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As from 1 July 2010, this site will no longer be updated and will be retained for Archive purposes only.

For the latest information on the Arts, Creative Industries and Film & TV in Scotland please visit:

www.creativescotland.com
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Who we are

What is the Scottish Arts Council?

Almost every country in the world is proud of its culture, and most have an arts council to nurture, protect and promote it. An independent survey showed that over 90% of Scots say that they are proud of the success of Scottish artists, performers and writers.

The Scottish Arts Council is the lead body for the funding, development and advocacy of the arts in Scotland. We offer a unique national perspective on the arts and their audiences. Our strategic leadership – development, funding and advocacy - is underpinned by specialist knowledge and experience in the management and delivery of the arts at national and international level.

We aim to forge productive relationships and constructive dialogue at all levels between ourselves and our stakeholders in the arts, national and local government, education, health and community renewal. Effective links with the private sector will strengthen the bonds between arts and business, and help us to develop further Scotland’s creative industries. Working in partnership with others, we will respond to the needs of the arts and their audiences.

A new company, Creative Scotland 2009 Ltd, has been established under the chairmanship of Ewan Brown.  Subject to legislation in 2009, the Public Service Reform Bill, Creative Scotland will become the new lead body for arts and screen industries in Scotland, replacing the Scottish Arts Council and Scottish Screen.  We will be working with Scottish Screen and Creative Scotland 2009 Ltd to make the necessary practical arrangements for merger but we also look forward to embarking on an ambitious joint development programme with Scottish Screen and Creative Scotland 2009 to support strategic developments which reflect the ambition and scope of the new body.

How does the Scottish Arts Council fit in with government?

The Scottish Arts Council is an executive non-departmental public body (NDPB) which is one of the main channels for Government funding for the arts in Scotland. Most of our funding comes from the Scottish Government but we also distribute National Lottery funds received from the Department for Culture, Media and Sport.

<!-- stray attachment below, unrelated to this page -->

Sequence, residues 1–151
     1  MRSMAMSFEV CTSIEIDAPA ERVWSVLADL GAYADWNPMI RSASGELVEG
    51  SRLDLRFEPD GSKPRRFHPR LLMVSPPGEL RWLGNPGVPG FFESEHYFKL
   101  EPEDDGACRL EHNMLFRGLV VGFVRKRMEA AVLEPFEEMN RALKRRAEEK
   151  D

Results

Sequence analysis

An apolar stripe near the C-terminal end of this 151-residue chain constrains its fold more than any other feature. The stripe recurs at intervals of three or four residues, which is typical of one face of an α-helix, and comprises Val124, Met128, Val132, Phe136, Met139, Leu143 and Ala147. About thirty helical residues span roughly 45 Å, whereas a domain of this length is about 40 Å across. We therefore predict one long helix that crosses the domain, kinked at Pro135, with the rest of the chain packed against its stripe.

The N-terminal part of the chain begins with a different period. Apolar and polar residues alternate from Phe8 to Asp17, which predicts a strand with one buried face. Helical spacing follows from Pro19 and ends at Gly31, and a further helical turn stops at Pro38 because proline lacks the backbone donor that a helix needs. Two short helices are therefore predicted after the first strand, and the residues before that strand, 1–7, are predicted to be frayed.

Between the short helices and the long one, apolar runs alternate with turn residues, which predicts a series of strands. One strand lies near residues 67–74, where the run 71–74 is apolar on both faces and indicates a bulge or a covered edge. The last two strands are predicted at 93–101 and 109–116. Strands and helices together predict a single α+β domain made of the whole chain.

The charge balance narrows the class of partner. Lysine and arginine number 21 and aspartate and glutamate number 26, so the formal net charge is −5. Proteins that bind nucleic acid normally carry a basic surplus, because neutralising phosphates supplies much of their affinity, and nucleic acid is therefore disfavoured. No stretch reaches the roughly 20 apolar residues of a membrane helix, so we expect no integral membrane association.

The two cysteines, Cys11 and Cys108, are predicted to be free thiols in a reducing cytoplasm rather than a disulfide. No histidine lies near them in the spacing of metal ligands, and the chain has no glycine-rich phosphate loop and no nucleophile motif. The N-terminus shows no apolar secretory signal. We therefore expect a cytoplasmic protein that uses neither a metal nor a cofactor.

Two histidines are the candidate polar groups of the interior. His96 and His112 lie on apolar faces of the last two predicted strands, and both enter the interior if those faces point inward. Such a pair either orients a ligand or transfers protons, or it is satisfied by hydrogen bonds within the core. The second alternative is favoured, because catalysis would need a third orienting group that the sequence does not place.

The Scottish Arts Council’s budget for 2009/10 is £61.06 million, which includes £48.14 million from the Scottish Government, £12.43 million from the National Lottery and £0.5 million from other income. We will invest £57.65 million in arts funding and development and the remaining £3.41 million on operational costs.

As a non-departmental public body (NDPB) we are independent from, but accountable to, the Scottish Government. We fund a range of arts organisations annually for their programmes and also make project and lottery grants to individual artists and arts organisations.

Public bodies are defined as:

  • bodies which have a role in the processes of national Government, but are not a Government department or part of one, and which accordingly operate to a greater or lesser extent at arm's length from Ministers.
  • In simple terms: a national or regional public body, carrying out its day-to-day functions independently of Ministers, but for which Ministers are ultimately accountable.
  • Public bodies are known in Government circles as 'Non-departmental Public Bodies' (NDPBs). They are often referred to by others as 'quangos' ('quango' derives from the name under which these bodies were previously known - 'quasi-autonomous non-governmental organisations').

Executive NDPBs:

  • are normally established by statute such as an Act of Parliament or Royal Charter.
  • carry out administrative, commercial, executive or regulatory functions on behalf of Government.
  • provide specialist advice to Ministers and others.
  • have a national remit.
  • have a board whose members are appointed by Ministers or by the Queen on behalf of Ministers, and which meets at least quarterly.
  • employ their own staff, who are not civil servants.
  • manage their own budgets.
Read more on the Scottish Government's guide to Public bodies in Scotland
See also
* Who's who
* Ethical standards in public life
* Showcase
* Funding
* Arts in Scotland
* Contact us
* Quality service leaflet
* Register of interest
 
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